"Interviews with the Masters of Metal Clay"-Hadar Jacobson
Tell us a little about yourself and your background.
I had lived 40 years in Israel, where I got married and had my 3 wonderful kids, 25, 16, and 12. I had a master's degree in western literature, worked many years as an editor and translator. Came to the US in 1997.
How long have you been teaching at your place - Textures?
8 years. At first I taught at art centers and colleges in Bay Area. Then I became too busy and now I am teaching almost only at my studio.
At first was it just for fun or to make money?
Metal fabrication was my hobby back in Israel. I discovered metal clay in a catalogue when I came here looking for a new supplier. Later it became my day job.
Please explain your way of offering classes.
My classes are ongoing. Students sign up for a series of 6 weeks and come once a week. Everyone is on a different level so they can join anytime and progress at their own pace. After the first few projects they start picking their own. Then they can sign up again. Some of my students have been coming to class for years, even since when I started teaching. People from out of state come here for a few days to a week and spend all their time in the studio. It's always about discovering new things, solving problems, and figuring things out.
How long did it take you to come up with your formulas for bronze and copper clay? Did you do this all in your studio?
I started experimenting with this about 5 years ago, off and on. The problem was not so much the formula as the firing. The activated carbon made it possible. Then it took a few months to figure out the right firing schedule. And yes, I did it in my kitchen.
What drives you to make art and working so energetically?
I believe everyone needs some cause in order to keep going. Life is tough, sometimes even miserable. No matter how important or unimportant your cause is, what you need is to survive. Someone very smart once said: "Art is the highest form of hope", and If I may add: "I like it when it works out.".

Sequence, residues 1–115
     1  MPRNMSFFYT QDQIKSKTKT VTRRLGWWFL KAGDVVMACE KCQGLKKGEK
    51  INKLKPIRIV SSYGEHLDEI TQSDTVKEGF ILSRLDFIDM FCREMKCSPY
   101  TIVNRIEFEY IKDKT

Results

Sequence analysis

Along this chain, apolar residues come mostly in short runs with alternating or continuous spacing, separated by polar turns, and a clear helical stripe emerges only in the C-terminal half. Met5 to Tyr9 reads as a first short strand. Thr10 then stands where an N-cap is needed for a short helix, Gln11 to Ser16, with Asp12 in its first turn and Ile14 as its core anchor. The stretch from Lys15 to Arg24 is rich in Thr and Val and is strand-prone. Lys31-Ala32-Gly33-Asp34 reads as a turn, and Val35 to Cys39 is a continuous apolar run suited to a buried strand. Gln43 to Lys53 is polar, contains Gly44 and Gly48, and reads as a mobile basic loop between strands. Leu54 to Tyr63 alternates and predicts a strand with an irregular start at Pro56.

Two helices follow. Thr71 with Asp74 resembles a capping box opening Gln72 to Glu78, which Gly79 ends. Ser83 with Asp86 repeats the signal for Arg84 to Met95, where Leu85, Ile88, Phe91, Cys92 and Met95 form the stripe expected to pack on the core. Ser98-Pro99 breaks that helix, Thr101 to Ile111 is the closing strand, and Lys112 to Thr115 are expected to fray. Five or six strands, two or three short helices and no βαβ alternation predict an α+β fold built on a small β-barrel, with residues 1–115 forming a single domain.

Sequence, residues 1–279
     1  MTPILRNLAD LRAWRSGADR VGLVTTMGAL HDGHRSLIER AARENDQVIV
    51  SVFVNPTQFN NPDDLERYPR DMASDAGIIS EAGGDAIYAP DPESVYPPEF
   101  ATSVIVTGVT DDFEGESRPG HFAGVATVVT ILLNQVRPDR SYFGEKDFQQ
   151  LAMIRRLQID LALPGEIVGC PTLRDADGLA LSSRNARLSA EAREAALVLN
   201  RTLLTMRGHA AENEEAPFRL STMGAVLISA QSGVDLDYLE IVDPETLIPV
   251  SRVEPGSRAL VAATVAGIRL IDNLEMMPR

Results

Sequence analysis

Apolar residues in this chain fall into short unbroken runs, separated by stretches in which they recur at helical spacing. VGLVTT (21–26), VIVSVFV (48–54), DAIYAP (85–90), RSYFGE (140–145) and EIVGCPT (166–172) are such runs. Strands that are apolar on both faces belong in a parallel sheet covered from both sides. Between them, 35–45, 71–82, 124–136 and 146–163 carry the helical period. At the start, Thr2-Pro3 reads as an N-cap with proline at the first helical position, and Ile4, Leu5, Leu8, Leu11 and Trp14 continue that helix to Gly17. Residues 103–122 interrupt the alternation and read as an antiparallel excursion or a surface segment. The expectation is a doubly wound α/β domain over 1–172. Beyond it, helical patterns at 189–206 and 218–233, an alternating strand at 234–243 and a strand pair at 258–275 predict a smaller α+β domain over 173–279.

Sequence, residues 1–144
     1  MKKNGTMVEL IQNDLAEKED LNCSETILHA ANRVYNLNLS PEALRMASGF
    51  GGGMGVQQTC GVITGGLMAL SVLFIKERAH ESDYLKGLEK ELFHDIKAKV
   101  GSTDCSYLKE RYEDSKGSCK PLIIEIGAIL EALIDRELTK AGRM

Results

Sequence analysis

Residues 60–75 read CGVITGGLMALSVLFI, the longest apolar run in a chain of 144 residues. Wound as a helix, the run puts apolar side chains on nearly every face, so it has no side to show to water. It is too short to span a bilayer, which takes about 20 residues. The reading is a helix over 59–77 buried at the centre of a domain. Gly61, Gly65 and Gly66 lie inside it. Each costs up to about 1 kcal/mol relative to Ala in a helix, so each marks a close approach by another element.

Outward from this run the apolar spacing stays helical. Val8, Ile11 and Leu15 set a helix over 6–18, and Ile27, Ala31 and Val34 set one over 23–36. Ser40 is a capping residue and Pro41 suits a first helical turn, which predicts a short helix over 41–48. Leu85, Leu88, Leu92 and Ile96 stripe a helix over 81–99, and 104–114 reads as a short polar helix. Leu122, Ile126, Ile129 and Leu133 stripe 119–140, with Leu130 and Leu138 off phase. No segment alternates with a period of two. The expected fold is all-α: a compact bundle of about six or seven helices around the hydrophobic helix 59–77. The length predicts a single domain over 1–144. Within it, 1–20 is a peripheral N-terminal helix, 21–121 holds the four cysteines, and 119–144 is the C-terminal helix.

What made you decide to write these books and publish them yourself?
Back in Israel I workd at a distance learning university that was also a publishing house. We editors did everything from writing, editing, layout, graphics, proofreading and press checking. Writing the books was my way of combining my day job skills with my hobby. I enjoy both.
How can an artist keep on going, artistically speaking, even if their art doesn't sell at first?
It may sound stange, but in a way, having a day job and not being dependent on making money from your art gives you more freedom in expressing yourself. You don't have to compromise and think about pleasing other people, making what people would like to buy. You keep going because you have to, you need to create.
What advice would you give to someone who wants to teach someday?
Teach all you know and only what you know.
Copying, when is it O.K. and why does it matter so much?
Copying is a good way of learning. It enables concentrating on technical issues without trying to be original. Once you acquire the skills, you are then free to express yourself whenever you feel inspired. Also, techniques can bring a lot of new ideas.
How do you justify art full time? Do you make a living at it?
I make a living from the combination of my art, my teaching and my writing. I don't consider myself gifted or lucky enough to make a living just from my art.
Inspiration and ideas - how do you get them? Do you go looking or do they just hit you?
Both. And there can be long dry spells. Sometimes I find myself sitting at my studio just watching ants collide into each other on my table, hoping for an idea to hit me. And some time they all come at once. Discovering a new technique can open the door for great inspiration.
What's next Hadar?
I never know. But I sure hope there will be something to keep me going.
Thank you Hadar. You are a true inspiration.
Hadar Jacobson's new book is available here.
Mixed Media Bead Necklace